Polycystic Ovarian Syndrome (PCOS) – The Basics

Polycystic Ovarian Syndrome, called PCOS, is the most common hormone disorder affecting women in the United States. As many as 10% to 15% of women have PCOS, and it plays a significant role in infertility diagnoses.

Notice it’s labeled a syndrome? This means that while we recognize its symptoms, and we know how it affects the body and inhibits reproduction, we aren’t really sure why it occurs. Thus, for now, PCOS is considered a syndrome, rather than a disease.

If you are young, and have a confirmed PCOS diagnosis, do your best to maximize fertility at home, but know that assisted reproduction may be required to facilitate your pregnancy. If you are 30-years old or older, and have PCOS, we recommend consulting with a fertility specialist to learn more about optimizing fertility and to discuss fertility treatment options.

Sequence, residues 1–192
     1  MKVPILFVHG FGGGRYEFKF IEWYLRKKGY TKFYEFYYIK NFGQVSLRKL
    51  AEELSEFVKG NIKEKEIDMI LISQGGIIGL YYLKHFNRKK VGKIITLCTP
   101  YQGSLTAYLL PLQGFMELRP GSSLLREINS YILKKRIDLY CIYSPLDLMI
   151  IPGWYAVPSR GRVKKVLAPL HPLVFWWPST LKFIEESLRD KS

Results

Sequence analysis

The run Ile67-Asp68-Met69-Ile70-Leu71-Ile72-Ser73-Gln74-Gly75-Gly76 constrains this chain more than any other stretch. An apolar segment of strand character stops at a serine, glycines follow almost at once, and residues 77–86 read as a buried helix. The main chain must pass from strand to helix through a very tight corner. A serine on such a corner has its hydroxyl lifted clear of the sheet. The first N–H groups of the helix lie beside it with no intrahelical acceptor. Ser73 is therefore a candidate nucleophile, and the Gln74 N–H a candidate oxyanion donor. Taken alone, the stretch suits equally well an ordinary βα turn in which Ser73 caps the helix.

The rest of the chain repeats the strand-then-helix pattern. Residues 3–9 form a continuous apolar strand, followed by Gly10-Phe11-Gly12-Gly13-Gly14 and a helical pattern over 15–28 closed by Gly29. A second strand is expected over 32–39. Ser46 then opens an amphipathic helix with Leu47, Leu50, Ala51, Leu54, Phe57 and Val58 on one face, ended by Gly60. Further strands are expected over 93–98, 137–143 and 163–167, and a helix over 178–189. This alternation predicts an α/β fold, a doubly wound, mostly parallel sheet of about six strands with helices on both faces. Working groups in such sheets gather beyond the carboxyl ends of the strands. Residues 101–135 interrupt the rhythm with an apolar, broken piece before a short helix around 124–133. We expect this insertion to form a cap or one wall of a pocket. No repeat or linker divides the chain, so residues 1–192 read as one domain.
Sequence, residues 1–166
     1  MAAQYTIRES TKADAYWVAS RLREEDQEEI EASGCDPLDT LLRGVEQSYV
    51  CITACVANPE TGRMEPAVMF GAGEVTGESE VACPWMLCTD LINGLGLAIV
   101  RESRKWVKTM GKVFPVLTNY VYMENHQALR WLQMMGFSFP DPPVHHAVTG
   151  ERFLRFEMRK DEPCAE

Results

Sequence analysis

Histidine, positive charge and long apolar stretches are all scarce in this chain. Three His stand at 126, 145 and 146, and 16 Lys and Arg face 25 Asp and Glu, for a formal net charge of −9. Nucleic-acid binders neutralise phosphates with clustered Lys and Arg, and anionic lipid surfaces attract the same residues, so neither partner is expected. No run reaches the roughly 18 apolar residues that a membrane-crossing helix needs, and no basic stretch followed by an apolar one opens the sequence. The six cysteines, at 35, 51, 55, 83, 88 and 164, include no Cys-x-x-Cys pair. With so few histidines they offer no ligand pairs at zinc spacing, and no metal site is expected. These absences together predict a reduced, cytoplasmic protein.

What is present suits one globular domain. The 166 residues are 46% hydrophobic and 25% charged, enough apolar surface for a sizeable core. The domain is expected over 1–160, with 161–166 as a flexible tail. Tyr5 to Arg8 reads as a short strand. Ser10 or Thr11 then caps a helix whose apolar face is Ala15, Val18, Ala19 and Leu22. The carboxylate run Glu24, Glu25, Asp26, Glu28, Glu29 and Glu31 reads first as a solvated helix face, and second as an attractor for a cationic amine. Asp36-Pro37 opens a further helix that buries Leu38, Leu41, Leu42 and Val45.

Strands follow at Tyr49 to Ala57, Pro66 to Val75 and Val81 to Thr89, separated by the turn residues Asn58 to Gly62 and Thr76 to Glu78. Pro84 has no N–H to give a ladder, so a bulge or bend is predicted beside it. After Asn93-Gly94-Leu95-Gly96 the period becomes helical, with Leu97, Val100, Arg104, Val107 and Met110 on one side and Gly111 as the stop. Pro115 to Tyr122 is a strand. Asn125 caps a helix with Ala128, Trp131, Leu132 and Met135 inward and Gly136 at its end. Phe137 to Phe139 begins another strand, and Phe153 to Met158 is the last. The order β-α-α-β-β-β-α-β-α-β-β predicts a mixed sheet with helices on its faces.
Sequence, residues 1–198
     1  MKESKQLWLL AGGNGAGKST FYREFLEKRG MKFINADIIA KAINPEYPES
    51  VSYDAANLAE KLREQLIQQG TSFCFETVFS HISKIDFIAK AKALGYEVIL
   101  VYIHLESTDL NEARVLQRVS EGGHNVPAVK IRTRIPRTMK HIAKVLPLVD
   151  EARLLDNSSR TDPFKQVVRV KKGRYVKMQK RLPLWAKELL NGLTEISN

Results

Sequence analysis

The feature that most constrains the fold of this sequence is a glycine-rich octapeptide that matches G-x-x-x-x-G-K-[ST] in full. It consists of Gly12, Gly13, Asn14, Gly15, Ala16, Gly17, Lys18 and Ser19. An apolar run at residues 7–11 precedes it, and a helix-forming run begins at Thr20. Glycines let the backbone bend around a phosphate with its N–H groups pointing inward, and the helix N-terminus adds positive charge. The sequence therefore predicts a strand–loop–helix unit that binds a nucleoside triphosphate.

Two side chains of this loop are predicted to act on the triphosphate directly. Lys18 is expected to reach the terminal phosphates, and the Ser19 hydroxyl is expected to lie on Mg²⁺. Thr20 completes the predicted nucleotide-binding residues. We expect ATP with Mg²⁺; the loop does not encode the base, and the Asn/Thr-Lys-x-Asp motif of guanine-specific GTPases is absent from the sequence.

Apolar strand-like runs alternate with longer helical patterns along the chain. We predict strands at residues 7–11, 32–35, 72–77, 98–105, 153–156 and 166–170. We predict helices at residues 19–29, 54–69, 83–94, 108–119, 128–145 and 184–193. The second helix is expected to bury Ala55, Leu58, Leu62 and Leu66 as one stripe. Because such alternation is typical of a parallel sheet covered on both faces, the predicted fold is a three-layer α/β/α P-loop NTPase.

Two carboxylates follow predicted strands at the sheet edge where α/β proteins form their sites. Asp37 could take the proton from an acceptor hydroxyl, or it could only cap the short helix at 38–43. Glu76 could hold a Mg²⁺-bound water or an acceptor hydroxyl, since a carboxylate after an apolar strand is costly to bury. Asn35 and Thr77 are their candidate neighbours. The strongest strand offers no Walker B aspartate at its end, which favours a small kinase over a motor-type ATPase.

Diagnosing PCOS

Women with PCOS have at least two of the following three symptoms:

  1. Irregular or absent menstruation.
  2. Extra hair growth and/or high free testosterone levels.
  3. An abundance of small ovarian cysts.

Let’s take a closer look at each one:

Symptom 1: Menstruation is Irregular or Absent (oligomenorrhea or amenorrhea)

A “normal” menstrual cycle ranges from about 21 to 35 days, with the average cycle being 28-days in length. Irregular periods, (called oligomenorrhea), cycle between 35 and 199 days. If you regularly go 200 days or more without menstruating, you have what is called amenorrhea – or an absence of menstruation.

In either case, it these menstrual irregularities are signs that your body isn’t ovulating and, if you aren’t ovulating, there is no egg available to be fertilized.

Symptom 2: Male Pattern Hair Growth (hirsutism)